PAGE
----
When examining quantitative results in later chapters, plausible explanations relying on fundamental concepts of marginal productivity wage theory and institutional factors will be frequently offered. Given the pioneering character of this study, the nature of the analytical comments should be made clear early in the work. These comments will be essentially interpretive and will often reflect educated conjecture relating to variables influencing the empirical findings. The lack of in-depth studies on specific labor markets (referred to in the previous chapter) makes a different approach not yet feasible.
In interpreting the quantitative results, three basic assumptions of marginal productivity theory will be employed: the rationality of employers and workers; the employer's desire to maximize net returns from factor inputs; and employees' aspiration to maximize the utility derived from their labor services. As is well known, from these assumptions the main principles of the theory are derived: (1) an employer will hire an extra unit of labor as long as the revenue from its marginal product is greater than or equal to its marginal cost; (2) an employee will provide additional labor services as long as the wage rate is greater than or equal to the marginal rate of substitution of income for leisure;1 (3) equilibrium will be reached when marginal revenue produced is equal to marginal labor cost and when the wage rate is equal to the income-leisure marginal substitution rate.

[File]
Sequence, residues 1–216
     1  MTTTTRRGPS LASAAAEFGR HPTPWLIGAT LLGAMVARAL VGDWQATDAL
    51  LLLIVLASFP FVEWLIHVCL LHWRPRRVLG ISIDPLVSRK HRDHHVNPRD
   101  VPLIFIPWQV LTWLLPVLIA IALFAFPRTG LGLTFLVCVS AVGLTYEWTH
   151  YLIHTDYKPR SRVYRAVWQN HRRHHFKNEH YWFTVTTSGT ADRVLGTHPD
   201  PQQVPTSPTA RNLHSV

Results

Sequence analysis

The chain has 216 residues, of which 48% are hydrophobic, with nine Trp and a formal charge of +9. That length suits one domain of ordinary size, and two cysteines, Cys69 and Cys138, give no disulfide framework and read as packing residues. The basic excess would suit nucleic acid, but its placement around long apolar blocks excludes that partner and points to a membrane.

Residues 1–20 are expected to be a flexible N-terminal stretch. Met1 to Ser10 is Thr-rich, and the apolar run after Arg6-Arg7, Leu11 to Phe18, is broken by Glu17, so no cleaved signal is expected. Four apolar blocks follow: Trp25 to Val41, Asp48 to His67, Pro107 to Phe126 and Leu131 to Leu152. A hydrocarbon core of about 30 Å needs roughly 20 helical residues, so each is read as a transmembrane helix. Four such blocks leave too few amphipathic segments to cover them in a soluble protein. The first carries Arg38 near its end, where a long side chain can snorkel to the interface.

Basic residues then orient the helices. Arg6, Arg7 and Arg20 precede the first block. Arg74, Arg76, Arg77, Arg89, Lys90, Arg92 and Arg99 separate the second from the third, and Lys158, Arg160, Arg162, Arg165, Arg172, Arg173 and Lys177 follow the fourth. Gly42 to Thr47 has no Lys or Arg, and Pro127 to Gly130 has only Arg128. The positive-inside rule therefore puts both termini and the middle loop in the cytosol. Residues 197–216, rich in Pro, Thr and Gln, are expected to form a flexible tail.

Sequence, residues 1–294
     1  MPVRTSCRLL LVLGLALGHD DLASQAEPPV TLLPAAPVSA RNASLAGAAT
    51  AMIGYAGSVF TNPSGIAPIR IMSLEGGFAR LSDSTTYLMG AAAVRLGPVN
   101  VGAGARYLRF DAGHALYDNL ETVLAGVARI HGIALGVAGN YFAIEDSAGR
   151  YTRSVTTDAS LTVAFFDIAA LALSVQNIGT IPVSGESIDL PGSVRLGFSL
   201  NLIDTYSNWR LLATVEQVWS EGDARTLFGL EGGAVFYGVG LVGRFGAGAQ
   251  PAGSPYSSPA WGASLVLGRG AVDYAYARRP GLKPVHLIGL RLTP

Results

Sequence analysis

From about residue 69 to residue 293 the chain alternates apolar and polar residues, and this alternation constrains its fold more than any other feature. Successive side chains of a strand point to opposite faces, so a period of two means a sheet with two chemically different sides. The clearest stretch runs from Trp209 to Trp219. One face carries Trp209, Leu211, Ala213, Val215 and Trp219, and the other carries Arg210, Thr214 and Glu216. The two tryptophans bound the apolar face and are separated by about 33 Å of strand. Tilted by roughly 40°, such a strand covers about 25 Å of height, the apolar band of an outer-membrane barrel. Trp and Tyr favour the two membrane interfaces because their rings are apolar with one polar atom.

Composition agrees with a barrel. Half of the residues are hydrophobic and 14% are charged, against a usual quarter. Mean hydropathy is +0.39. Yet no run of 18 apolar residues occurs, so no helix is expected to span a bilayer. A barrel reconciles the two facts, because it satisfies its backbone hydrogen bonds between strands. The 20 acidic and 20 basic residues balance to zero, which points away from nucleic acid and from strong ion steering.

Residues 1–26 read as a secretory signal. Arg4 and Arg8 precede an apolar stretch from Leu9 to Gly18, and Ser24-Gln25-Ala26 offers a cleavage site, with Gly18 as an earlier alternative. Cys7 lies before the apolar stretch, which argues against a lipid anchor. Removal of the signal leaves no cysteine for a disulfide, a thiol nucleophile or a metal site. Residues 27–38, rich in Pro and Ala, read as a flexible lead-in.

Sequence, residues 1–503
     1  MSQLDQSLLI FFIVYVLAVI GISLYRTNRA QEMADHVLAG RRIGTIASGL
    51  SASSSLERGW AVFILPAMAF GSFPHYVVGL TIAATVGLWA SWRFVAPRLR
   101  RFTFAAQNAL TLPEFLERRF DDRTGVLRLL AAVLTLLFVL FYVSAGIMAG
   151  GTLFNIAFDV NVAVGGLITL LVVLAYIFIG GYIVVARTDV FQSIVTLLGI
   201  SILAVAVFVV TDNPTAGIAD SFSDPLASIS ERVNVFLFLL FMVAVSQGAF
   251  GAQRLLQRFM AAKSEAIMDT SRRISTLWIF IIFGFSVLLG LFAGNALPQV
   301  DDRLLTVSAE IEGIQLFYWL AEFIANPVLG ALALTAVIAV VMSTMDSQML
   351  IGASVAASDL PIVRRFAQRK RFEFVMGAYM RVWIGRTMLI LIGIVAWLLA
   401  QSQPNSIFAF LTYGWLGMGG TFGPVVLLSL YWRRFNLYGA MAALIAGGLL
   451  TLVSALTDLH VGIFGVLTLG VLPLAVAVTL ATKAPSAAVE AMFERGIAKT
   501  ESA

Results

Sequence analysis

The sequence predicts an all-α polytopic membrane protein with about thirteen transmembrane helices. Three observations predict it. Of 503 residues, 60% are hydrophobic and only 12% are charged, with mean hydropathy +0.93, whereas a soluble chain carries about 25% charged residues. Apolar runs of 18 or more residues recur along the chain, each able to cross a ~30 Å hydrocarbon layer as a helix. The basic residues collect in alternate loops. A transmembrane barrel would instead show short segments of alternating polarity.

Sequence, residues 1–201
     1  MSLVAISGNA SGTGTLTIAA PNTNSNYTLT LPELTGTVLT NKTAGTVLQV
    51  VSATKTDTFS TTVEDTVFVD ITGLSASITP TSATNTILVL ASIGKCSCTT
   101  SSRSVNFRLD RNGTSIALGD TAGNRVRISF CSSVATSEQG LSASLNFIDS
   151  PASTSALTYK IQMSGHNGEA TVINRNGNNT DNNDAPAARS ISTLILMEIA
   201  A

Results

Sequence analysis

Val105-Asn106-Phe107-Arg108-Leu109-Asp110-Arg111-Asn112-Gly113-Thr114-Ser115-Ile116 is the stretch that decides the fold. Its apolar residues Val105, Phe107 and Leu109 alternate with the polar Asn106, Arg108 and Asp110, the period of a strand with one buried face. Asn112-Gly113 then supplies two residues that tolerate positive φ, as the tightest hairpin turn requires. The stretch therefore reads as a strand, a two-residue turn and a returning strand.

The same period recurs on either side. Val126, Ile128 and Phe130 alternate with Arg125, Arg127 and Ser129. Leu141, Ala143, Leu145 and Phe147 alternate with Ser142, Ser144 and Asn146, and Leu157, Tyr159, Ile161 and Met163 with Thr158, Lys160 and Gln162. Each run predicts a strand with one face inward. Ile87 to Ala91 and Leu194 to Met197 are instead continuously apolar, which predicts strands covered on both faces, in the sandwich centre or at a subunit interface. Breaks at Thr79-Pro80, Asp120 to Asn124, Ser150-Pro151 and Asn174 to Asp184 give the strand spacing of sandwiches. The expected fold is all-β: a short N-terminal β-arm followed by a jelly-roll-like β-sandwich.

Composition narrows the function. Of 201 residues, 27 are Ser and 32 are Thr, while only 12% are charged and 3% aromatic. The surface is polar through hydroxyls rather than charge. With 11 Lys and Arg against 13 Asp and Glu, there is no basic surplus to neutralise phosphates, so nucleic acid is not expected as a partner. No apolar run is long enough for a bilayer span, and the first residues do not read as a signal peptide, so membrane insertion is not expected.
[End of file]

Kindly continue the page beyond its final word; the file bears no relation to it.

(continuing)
Likewise applied will be the knowledge that under the Robinson-Chamberlain conditions varying product and factor market combinations will produce diverse wage rates and employment levels. Once a framework of different combinations of product and factor market situations is established and different types of labor factors are specified, the presence of wage differentials follows by implication, even under equilibrium conditions.2____________________